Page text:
Easy Rental Deposit for
DepositPass is the superior way to rent so you can spend your money on the things you love. We help Renters solve renting financial problems by focusing on the dreaded cash rental deposit and providing an easy rental deposit alternative. With DepositPass, Renters can assign their life savings insurance policy, or even that of a family member or friend, to a rental deposit, guaranteeing property coverage for landlords.
Say Goodbye to Hassles: Get an Easy Rental Deposit with DepositPass
Up to 35% or more in fees saved with our unique one-off and all-in fee. No recurring fees or other charges.
Streamlined rental deposit process with minimum documentation and 100% digital convenience.
No credit check
No need for credit checks as DepositPass works with your life savings insurance policy or that of a family member/friend.
Your information and payment are secure with us. We work with the best service providers in the industry.
Just sign up & follow the next steps
1. Create your account
2. Enter property and rent details
3. Enter insurance policy details
5.Obtain your insured rental deposit
Choose Your Path to Rental Deposit Solutions
At DepositPass, we offer a range of channels to assist you. Whether you have questions, need support, or want to explore our rental deposit solutions, we’ve got you covered. Select the option that suits you best:
Schedule a consultation to discuss how we can simplify rental deposits for you.
If you prefer to speak with us directly, click below to connect with our team.
Have questions? Start a chat with our experts for instant assistance.
Our team is happy to review your life insurance policy to see if it’s eligible for our service.
Frequently Asked Questions
Also called security deposit, it is the money that is paid to a landlord by a renter to help protect the landlord against possible financial loss. The renter’s deposit is held by the landlord during the term of the tenancy and refunded at the termination of the tenancy agreement.
In England no more than five weeks’ rent (refundable) is payable where the annual rent is less than £50,000, or six weeks’ rent where the annual rent exceeds £50,000.
There is no limit on the amount of deposit a landlord/agent can ask for in Northern Ireland.
In Scotland a deposit cannot exceed 2 months’ rent. Charging any more than 2 months’ rent for a deposit constitutes an illegal premium.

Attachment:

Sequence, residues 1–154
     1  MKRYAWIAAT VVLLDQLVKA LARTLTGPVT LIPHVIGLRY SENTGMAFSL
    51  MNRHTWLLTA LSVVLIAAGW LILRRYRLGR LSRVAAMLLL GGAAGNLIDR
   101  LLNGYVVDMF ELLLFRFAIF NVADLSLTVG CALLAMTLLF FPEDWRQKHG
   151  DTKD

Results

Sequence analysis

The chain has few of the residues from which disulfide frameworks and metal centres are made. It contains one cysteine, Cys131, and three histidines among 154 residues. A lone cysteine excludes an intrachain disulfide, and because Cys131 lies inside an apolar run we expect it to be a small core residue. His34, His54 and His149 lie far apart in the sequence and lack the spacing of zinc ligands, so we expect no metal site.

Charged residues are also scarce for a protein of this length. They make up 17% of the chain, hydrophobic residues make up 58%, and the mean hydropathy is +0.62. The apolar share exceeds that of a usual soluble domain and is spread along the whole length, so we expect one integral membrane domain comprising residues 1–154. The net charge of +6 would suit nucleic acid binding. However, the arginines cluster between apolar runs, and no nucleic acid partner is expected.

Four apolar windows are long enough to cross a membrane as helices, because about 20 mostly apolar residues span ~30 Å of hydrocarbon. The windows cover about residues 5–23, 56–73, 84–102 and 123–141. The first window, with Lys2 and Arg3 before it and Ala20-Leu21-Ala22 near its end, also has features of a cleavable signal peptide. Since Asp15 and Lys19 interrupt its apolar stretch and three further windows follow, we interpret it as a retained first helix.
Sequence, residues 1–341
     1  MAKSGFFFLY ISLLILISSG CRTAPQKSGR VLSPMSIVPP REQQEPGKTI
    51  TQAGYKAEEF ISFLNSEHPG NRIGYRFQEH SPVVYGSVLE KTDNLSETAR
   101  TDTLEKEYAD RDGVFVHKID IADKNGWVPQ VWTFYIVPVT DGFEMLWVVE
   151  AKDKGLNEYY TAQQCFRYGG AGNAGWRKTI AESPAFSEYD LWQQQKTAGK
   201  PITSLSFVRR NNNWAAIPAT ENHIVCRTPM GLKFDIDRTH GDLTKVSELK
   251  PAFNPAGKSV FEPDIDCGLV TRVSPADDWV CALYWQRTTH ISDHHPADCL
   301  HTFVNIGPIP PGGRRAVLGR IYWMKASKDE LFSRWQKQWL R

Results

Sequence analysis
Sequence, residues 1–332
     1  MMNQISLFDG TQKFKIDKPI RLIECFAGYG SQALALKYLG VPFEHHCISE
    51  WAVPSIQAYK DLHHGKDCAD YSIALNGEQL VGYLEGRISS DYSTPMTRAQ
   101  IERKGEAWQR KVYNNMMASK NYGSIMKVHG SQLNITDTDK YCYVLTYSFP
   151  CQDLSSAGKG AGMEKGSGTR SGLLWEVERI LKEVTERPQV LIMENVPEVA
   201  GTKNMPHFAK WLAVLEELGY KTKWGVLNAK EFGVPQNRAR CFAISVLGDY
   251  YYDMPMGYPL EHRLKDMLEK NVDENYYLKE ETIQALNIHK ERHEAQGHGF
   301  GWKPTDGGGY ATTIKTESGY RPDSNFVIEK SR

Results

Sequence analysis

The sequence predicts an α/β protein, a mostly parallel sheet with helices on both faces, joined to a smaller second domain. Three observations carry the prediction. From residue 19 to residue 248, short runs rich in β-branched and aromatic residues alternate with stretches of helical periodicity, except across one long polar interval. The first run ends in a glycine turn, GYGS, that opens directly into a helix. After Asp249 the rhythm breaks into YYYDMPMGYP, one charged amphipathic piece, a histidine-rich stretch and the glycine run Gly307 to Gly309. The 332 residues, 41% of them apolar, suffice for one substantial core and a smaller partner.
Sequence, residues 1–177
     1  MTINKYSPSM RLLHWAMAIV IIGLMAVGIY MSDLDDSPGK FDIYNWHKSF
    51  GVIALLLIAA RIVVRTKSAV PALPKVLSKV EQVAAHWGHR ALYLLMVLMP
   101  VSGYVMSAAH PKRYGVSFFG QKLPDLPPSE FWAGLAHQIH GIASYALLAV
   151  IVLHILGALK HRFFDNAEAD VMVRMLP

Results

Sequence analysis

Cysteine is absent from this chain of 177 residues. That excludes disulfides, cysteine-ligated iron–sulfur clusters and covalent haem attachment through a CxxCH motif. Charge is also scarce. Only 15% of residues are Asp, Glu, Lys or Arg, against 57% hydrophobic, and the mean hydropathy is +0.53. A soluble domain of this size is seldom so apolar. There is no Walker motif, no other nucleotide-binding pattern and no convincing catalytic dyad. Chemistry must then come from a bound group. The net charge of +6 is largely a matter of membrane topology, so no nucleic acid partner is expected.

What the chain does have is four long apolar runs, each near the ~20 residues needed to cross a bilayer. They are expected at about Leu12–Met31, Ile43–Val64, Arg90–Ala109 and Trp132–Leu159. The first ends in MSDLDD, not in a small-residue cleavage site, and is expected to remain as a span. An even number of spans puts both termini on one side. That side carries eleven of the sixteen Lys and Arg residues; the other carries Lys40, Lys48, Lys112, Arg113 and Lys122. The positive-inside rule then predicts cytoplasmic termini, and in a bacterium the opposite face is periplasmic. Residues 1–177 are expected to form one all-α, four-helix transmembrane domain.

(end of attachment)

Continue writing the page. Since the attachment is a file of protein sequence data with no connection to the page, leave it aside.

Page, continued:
Usually, it is the equivalent of 1 month’s rent in Wales.
Start of tenancy
There are a few documents that your agent should provide you with at the beginning of your tenancy and these should include:
- How to rent guide
- Energy Performance Certificate
- Gas Safety Certificate
- Electrical Safety Certificate
- Instruction manuals for appliances such as the boiler
- Signed Tenancy Agreement
- Inventory or check-in report
We would encourage you to take time to read your check-in report/inventory and go around the property checking that the description of the items, condition of the decor and standard of cleaning is consistent with that which is stated. Usually, it will be a true representation of the property, but this is your opportunity to query any missing items or inconsistencies as you see them. If you find that, for example, the check-in report states that the oven is cleaned to a professional standard but that the grills are greasy, make a note on the inventory and report this to the landlord immediately. Often the landlord will ask you to return the inventory within 7 days and report any cleaning issues within 48 hours and it is important that you stick to any timescales given. While taking photographs is a good idea, it is difficult to establish cleanliness from a photograph, so while they can be great supporting evidence in some cases (for example the inside of an oven), the written description is key. It is impossible to photograph a smell, or something that is sticky, and taking a photograph of dust on a carpet can be equally tricky, so clear, concise wording describing the item is most useful. It can also be a good idea to pay special attention to areas which tend to have the most use or require the most cleaning, such as:
- The oven
- The shower/bath
- The fridge/freezer (this should also be defrosted)